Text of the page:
Clockenflap Music Festival

Clockenflap festival pulls out all the stops for 10th anniversary

Light rain and dramatic stage fall do little to dampen spirits at annual music and arts festival

PUBLISHED : Sunday, 19 November, 2017, 8:03pm
UPDATED : Monday, 20 November, 2017, 4:34pm

Hong Kong’s biggest annual music festival celebrated its 10th anniversary in explosive style this weekend.

Running over three days and nights from Friday to Sunday, the Clockenflap Music and Arts Festival attracted tens of thousands of people to the Central Harbourfront – the young, the old, an impressive number of out-of-towners and of course the music lovers.

The festival mostly went off without a hitch – a persistent drizzle put a mild dampener on Saturday but it was nothing compared to the torrential downpour that plagued the same day last year.

And the guitarist for Saturday headliners The Prodigy took a bad fall from the stage, but in true rock-star style, got back up, smashed his guitar, and returned with a new one a few minutes later to finish his set with the British dance-rock pioneers.

Clockenflap 2017: Saturday night live streaming coverage

The Prodigy were the highlight of this year’s festival for many punters, putting on a deafening, high-octane performance that included many of their classics such as Firestarter and Breathe, and with striking frontman Keith Flint prowling the stage and hyping up the crowd.

But there were dozens of magical moments – mainland rappers the Higher Brothers showing the audience why they are such a vital force in Chinese hip hop, British indie heroes the Kaiser Chiefs leading an ocean of fans in feel-good singalongs, UK grime star Stormzy telling the crowd it was the most beautiful setting he had ever performed in, and British trip-hop pioneers Massive Attack bringing the Sunday night to a beautiful climax.

Festival co-founder and music director Justin Sweeting was elated with how the 10th anniversary played out. “It was such a fun and smooth weekend on so many fronts. It was a truly great way to celebrate our first 10 years and we are now looking forward to the next 10 years,” he said.

Hong Kong bands also made a huge splash at the festival – none more so than rockers Supper Moment, who electrified their legions of local followers who turned out for their high-profile set on the main stage before Sunday headliners Massive Attack. Lead singer Sunny drove the audience wild when he leapt from the stage and into the crowd, not missing a beat as he crowd-surfed above throngs of adoring fans.

Hong Kong Clockenflap gets off to a rousing start

Also making Hong Kong proud over the weekend were rising noisenicks David Boring and post-rockers ANWIYCTI, whose strong, polished performances point towards a bright future for indie music in the city.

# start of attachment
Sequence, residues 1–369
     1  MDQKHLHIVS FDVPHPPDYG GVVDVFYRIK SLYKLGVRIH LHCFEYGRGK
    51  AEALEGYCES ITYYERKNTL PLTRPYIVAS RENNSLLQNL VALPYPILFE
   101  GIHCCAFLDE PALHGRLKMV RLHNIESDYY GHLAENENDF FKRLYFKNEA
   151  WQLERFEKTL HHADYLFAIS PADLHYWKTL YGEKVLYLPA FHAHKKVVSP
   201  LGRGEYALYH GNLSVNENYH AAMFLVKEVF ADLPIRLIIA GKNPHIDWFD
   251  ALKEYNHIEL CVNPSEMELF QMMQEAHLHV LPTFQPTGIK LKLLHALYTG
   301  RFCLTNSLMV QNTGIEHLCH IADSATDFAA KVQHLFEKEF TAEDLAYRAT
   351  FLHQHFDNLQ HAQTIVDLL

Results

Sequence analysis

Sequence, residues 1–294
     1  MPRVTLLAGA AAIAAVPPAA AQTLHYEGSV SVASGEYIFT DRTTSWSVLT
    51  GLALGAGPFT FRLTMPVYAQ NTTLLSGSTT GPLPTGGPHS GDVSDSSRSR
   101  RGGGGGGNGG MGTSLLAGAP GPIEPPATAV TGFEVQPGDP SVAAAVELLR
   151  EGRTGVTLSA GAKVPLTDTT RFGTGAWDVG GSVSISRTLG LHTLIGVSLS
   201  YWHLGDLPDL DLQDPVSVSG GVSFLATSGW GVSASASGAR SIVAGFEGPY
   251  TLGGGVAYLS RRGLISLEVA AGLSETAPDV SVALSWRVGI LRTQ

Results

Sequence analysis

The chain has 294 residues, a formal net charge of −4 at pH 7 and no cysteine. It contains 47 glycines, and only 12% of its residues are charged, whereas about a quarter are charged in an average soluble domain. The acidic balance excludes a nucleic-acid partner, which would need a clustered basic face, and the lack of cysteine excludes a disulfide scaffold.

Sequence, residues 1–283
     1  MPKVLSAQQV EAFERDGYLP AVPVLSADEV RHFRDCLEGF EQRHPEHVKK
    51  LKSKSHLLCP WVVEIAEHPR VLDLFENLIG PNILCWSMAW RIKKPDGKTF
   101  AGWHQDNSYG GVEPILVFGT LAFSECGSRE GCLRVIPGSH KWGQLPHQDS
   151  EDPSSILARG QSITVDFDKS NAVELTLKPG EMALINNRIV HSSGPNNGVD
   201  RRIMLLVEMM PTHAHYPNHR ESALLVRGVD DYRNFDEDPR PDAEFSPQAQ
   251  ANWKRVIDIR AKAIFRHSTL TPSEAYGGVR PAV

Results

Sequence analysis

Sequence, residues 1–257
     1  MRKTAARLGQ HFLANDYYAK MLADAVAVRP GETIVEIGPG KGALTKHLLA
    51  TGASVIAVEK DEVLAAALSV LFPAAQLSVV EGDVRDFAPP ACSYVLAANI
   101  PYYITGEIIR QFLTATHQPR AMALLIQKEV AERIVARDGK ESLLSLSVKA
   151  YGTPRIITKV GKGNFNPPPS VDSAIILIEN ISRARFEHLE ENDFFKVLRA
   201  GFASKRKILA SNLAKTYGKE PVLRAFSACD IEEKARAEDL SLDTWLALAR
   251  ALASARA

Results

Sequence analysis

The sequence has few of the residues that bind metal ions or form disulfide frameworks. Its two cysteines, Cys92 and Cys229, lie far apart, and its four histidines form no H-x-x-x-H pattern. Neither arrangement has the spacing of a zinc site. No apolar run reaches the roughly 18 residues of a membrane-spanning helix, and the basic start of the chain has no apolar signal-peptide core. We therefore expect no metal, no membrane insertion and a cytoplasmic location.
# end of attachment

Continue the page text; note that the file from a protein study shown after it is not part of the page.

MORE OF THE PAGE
While the headliners of the first two nights, the Kaiser Chiefs and The Prodigy, more than lived up to the hype, many more discerning music aficionados had spent the weekend waiting for Massive Attack. The Bristol originators of the trip-hop sound were making their first ever performance in Hong Kong, and before they took to the stage to close Clockenflap on Sunday, the excitement in the air was palpable.

The duo of Robert Del Naja and Grant Marshall commanded a small army of electronic hardware and sent thick waves of their reggae-inflected, bass heavy grooves such as the anthemic Rising Son floating across the crowd, ending Clockenflap 2017 on an emotional note. In a surprise for the band’s followers, long-term collaborator Horace Andy - the old-school Jamaican reggae icon - was on hand to guest on several tracks.

The festival had been scaled down to four stages this year, compared to seven last year, and while there were some grumbles about the loss of popular attractions such as the Club Minky cabaret and the Electriq dance tent, others appreciated this year’s more compact layout.

Veteran festivalgoer Jay Foss-Cole, who has been to every instalment of Clockenflap since it was founded in 2008, said this year the festival felt more intimate, compared with the more sprawling versions of the event held in the past.

“I have heard some people complain about there only being four stages but I like the new layout – having fewer stages doesn’t mean less content, it just means less walking,” he says.

“Everything this year felt very well organised – the queues for food and drink were never too bad, there was lots of cool interactive things to do, and plenty of things for families as well.”

The 11th Clockenflap is expected to take place at the Central Harbourfront in November 2018.